It appears as though Rauner was not swayed by the pleas of the public colleges. Interestingly, CSU was the first Illinois university to go public with the damage done to their operations by the budget stalemate. On Thursday, Jan. 21, Rauner blasted CSU administrators, saying that due to mismanagement of state funding, perhaps it would be better for the money to go directly to the students. Referring to CSU in particular, Rauner said, “They have the widest achievement gap between white students and African American students of any college. That is wrong.” His statement was accompanied by a memo which cited that although 83 percent of the university’s white students obtain their degree in six years, only 19 percent of black students do.
CSU is not the only school struggling. U.S. News & World Report says the graduation rate at HBCU Medgar Evers is only 4 percent. The highest graduation rate among HBCUs was 70 percent in 2014. HBCUs are struggling financially due to greater federal limitations on funding and the greater ease for African American students to apply to and attend a wider range of universities. Statistics compiled by The Journal of Blacks in Higher Education show that the graduation rate among the bottom half of these public universities stayed below 35 percent.
University President Thomas J. Calhoun said via letter that the statistics thrown out by Rauner are misleading. He said that CSU is willing to come to the table to discuss necessary changes, but without funding, any reforms agreed upon by lawmakers and university administration cannot be put into practice. Rauner responded by saying, “For them to all of a sudden go, ‘Hey, we’re sorta more broke than most,’ while they’ve been throwing money down the toilet….Let’s have some standards of behavior.” According to Rauner’s office, CSU has one administrator for every 17 students, which is highest of any other state college, and those administrators’ salaries make up 45 percent of the payroll. Without greater detail into what CSU has been “throwing down the toilet,” it is impossible to tell to what standards the governor is accusing the university of not meeting.
Illinois legislators have been at a stalemate regarding the state budget for approximately seven months. With no end in sight, the impasse may last through the March primary and continue beyond the November election, a fact which causes consternation for university officials, who believe that without funding, they will run through their reserve funds by March 1.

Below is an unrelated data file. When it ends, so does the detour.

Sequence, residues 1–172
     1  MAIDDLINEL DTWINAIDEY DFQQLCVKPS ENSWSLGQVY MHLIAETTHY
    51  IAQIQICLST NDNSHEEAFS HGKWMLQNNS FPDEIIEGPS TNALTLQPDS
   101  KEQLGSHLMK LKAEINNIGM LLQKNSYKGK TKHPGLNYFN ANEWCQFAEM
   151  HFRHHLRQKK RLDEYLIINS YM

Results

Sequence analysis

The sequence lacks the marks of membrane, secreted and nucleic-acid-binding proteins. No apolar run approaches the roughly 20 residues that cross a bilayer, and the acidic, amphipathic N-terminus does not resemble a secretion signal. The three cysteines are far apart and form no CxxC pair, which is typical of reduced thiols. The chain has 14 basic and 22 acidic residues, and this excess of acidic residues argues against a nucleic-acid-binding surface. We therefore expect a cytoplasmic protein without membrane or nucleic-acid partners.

CSU staffers are looking for any possible solution to help operations continue into March. Spokesman Thomas Wogan said the school feels a “moral, legal, and ethical oblication to complete the semester.” They are already covering approximately $5 million in state scholarships, called Monetary Award Program (MAP) grants, which are given to low-income students and which have ceased due to the budget impasse.
Students at the university have organized to form a fundraising group called Operation Save CSU. The group is working with college administrators in an effort to keep their school operating.
Meanwhile, Chicago Democratic Senator Emil Jones III introduced a $25 million plan on Monday which would keep CSU open until the end of the current semester. The legislation will go to the Senate Rules Committee after the lawmakers return to session in Springfield on Jan. 27. The committee will then assign it as needing more consideration.
Speaking to NBC Chicago, Jones said most of the students affected by the governor’s refusal to negotiate “don’t come from the best backgrounds but are trying to achieve more to build their community.” There may be no other statement that more accurately sums up the need for PBIs such as CSU; what better way to help disadvantaged students reach higher in order to strengthen and rebuild their communities than by educating them? Losing schools that are uniquely positioned to offer hope to low-income students will only hurt those who need it most.
By Jennifer Pfalz
NBCChicago.com: Chicago State University’s Future Uncertain Amid Budget Impasse
Chicago Tribune: Rev. Jackson speaks in support of cash-strapped Chicago State
NBCChicago.com: Senator Introduces Legislation to Keep Chicago State University Open
CBS Chicago: Rauner Says Chicago State University ‘Throwing Money Down The Toilet’
GiveUNCF.org: Fact Sheet
Text: Ellis, Lee; Beaver, Kevin M.; Wright, John (1 April 2009). Handbook of Crime Correlates. Academic Press. ISBN 9780123736123.
Newsweek: BLACK COLLEGES MATTER
U.S. Department of Education: Predominantly Black Institutions
Image Courtesy of Steven Depolo’s Flickr Page – Creative Commons License